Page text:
220 PUBLIC TREATIES. Sienr Thomas Jefferson, citizen of the United States of America, and their Minister Plenipotentiary near the King; who, after having communicatcd to each other their respective full powers, have agreed on what follows: Anrrcm I. cemnussicns or The Consuls and Vice-Consuls named by the Most Christian King ¤¤¤¤¤i¤· and the United States shall be bound to present their commissions according to the forms which shall be established respectively- by the Most Christian King within his dominions, and by the Congress within Excquaturs. the United States. There shall be delivered to them, withont_ any charges, the exequatur necessary for the exercise of their functions; and on exhibiting the said exequatur, the Governors, Commanders, Heads of Justice, Bodies Corporate, Tribunals, and other onicers having authority in the ports and places of their consulates, shall cause them to enjoy immediately, and without diiliculty, the precrninences, authority, and privileges reeiprocally granted, without exacting from the said Consuls and Vice-Consuls any tec, under any pretext whatever. Anriomu II. Privileges of The Consuls and Vice-Consuls, and persons attached to their func- °°¤°“‘°’ °m°°’°· tions; that is to say, their Chaneellors and Secretaries, shall enjoy a full and entire immunity for their chancery, and the papers which shall be therein contained. They shall be exempt from all personal service, from soldiers’ billets, militia, watch, guard, guardianship, trusteeship, as well as from all duties, taxes, impositions, and charges whatsoever, except on the estate real and personal of which they may be the proprietors or possessors, which shall be subject to the taxes imposed on the estates of all other individuals: And in all other instances they shall be subject to the laws of the land as the natives are. Those of the said Consuls and Vice-Consuls who shall exercise commerce, shall be respectively subject to all taxes, charges, and impositions established on other merchants. They shall place over the outward door of their house the arms of their sovereign; brit this mark of indication shall not give to the said house any privilege of asylum for any person 0I' property whatsoever. Anrronm III. Consular agents. The respective Consuls and Vice-Consuls may establish agents in the diiierent ports and places of their departments where necessity shall require. These agents may be chosen among the merchants, either national or foreign, and furnished with a. commission from one of the said consuls: They shall confine themselves respectively to the rendering to their respective merchants, navigators, and vessels, all possible service, and to inform the nearest Consul of the wants of the said merchants, navigators, and vessels, without the said agents otherwise participating in the immunities, rights, and privileges attributed to Consuls and Vice-Consuls, and without power, under any pretext wliatever, to exact from the said merchants any duty or emolument w atsoever. Anrrotn IV. C on suls may The Consuls and Vice-Consuls respectively may establish a chall061‘Y, °°*”;bh°h ° °l“*¤· where shall be deposited the consular determinations, acts, and pFo- °°°‘ ccediugs, as also testaments, obligations, contracts, and other acts done by or between persons of their nation, and effects lei't by deceased persons, or saved from shipwreck. They may consequently appoint jlt persons to act in the said chancery, receive and swear them in, commit to them the custody of the seal, and authority to seal commissions, seutenccs, and other consular acts, and also to discharge the functions of notary and register of the consulate.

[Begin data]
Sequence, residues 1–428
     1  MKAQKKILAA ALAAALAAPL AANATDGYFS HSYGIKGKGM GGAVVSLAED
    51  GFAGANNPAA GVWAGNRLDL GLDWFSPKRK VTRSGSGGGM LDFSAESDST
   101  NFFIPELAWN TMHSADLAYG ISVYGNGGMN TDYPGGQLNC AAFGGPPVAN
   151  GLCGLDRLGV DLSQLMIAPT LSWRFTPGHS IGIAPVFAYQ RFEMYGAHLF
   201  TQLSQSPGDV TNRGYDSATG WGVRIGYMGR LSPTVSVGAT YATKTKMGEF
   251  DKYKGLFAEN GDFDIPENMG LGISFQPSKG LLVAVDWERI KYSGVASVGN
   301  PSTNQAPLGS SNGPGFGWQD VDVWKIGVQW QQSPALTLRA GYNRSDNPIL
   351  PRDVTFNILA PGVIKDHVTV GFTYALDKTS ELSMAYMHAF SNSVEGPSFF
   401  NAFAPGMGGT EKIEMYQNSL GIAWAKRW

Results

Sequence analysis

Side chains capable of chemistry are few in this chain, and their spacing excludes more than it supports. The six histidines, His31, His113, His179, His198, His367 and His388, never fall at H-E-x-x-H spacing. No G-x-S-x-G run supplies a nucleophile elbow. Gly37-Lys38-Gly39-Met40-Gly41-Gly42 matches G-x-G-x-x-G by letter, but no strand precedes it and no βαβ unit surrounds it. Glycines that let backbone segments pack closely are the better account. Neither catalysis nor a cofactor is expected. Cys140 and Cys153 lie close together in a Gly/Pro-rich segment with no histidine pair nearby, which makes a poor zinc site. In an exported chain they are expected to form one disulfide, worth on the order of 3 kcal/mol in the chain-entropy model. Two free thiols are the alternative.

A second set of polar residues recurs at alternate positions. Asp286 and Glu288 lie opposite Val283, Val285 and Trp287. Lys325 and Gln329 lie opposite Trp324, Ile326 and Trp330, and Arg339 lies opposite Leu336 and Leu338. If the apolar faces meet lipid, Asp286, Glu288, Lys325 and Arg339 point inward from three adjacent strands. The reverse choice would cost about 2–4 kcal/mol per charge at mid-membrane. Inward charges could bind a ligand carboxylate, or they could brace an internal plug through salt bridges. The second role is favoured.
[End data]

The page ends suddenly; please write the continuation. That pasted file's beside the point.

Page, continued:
Page:United States Statutes at Large Volume 18 Part 2c.djvu/227
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